Aside

The Customer Experience: The Design Moment of Truth

Business 2.0 ran an article this month on their ’2nd annual bottom line design awards’. The article promised to “go beyond surface beauty to single out objects that look good not just in pictures, but also on their makers’ income statements.” According to them, “design aesthetic was but one of 10 metrics we used to rate each product. We also considered user experience, brand strategy, sustainability, innovation, risk taking, corporate strategy, business impact, cultural impact, and the element of surprise.”
M&Ms.jpg
Satjiv Chahil, SVP for Marketing at HP, nominated custom-made m&ms. Frog Design execs were involved too. Sounded like two good votes. And besides, it was M&Ms. Who doesn’t like M&Ms? M&Ms was on their way to make a big sale. And if my enthusiasm was any indication, their placement in Business 2.0 would yield big results.
I was excited to do the order. My company logo has a circle element that I’m always working on playing up. Plus, the custom made m&ms come in many colors and I could get one close to the copper color of my brand. I am hosting an upcoming “Spark” dinner soon, with my best clients and colleagues. What a great idea for a chatchka, I thought and so different that coffee cups or t-shirts.
If Satjiv or the Frog Design guys did check out the customer experience, then these guys don’t know good from bad. If they didn’t, and included the factor of user experience as a consideration, they clearly didn’t do their homework.
Here’s my reality:

The ordering process went okay. Not elegant, but okay.

I wanted brown, but brown M&Ms can’t be custom printed. But you can order them in 5 lb. bulk. Okay compromise.

The orange and red were good color choices that could be custom printed. I’m guessing the color choices were linked to being able to print white clearly on them. No information on that but I’m guessing.

I decided I would order one color with “win” on one side and “markets” on the other since I like those words and they reflect both this blog and the tag line for my company. On the other color, I would order a simple “Rubicon” word. All 3 are ordinary words, right?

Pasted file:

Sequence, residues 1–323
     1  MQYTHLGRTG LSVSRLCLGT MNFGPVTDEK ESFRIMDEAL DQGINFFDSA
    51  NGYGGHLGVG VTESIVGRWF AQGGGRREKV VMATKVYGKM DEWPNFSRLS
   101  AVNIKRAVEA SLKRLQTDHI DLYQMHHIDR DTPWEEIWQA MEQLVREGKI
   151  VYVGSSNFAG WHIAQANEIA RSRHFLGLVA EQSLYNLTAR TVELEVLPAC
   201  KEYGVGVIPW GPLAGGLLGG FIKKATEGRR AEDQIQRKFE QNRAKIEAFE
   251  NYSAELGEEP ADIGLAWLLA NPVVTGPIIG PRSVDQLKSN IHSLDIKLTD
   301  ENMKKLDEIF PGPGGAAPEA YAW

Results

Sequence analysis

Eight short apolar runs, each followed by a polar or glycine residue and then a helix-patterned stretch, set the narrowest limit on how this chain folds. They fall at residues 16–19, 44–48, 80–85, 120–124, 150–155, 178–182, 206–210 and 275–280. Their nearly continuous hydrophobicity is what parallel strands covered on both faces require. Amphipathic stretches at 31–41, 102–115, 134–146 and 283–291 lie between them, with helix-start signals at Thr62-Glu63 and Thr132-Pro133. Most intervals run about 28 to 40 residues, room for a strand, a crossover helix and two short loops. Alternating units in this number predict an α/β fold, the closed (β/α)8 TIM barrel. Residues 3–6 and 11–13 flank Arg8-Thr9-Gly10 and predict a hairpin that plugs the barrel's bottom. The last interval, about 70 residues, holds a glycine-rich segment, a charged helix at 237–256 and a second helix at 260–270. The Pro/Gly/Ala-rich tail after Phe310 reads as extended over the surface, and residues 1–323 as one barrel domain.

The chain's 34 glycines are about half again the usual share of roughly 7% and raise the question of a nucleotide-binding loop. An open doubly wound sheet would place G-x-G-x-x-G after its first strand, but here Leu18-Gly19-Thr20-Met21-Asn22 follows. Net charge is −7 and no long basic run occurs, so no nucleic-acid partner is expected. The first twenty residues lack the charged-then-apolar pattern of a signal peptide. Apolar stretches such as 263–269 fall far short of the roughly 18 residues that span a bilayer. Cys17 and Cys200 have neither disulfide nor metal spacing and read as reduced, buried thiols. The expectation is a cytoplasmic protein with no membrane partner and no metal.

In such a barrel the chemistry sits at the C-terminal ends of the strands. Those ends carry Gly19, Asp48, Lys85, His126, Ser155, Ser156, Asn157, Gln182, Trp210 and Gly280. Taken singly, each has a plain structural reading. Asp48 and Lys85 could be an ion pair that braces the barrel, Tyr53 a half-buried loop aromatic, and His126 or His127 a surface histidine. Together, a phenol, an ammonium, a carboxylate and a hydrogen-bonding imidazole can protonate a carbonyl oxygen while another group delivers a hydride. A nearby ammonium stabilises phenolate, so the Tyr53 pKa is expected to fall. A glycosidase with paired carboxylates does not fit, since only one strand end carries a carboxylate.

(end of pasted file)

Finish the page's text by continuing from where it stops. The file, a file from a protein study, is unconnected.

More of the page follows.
There was a waiver online to make sure the user wasn’t violating copyright law. I clicked through the long work. I committed to being legal.

I couldn’t get the packaging I wanted so I ordered everything, and was prepared to assemble red, orange and brown together and package locally.

But here’s the rub. Sales operations didn’t want to make the sale or customer experience ‘friendly’.
I got a letter from a Bill DeSanti the M&M Operations Manager:

There’s a problem with your order, as entered.

(You may also be receiving an automated version of this email – you need only respond to one – due to internet email issues and spam blockers, we are currently using redundant contact emails)

Due to trademark restrictions (the ‘m’ on the product is a brand symbol), use of company names, trademarked or registered phases used on the product causes some concerns. Until very recently, we could not allow it. These restrictions also apply to use of phone numbers, e-mail addresses, and dot.com links.

Happily, we’ve managed to resolve this, by allowing limited use by a simple, one use agreement, which I’ve attached.

Please remember to enter the order number on the form, in the space provided on page 1 of the Agreement. Your order number is: R0546925

and also appears in the subject line, above.

Feel free to contact me at the numbers below if you have any questions, or fax the signed agreement back to the fax number below.

Fax Number
908 813 8086

Frequently Asked Questions –

*Why is there an agreement necessary?
As both our trademark and yours appear on the product, it requires use of this (relatively) simple agreement to respect each others Intellectual Property rights. There are no additional product or handling charges resulting from this – it’s just a legal trademark requirement.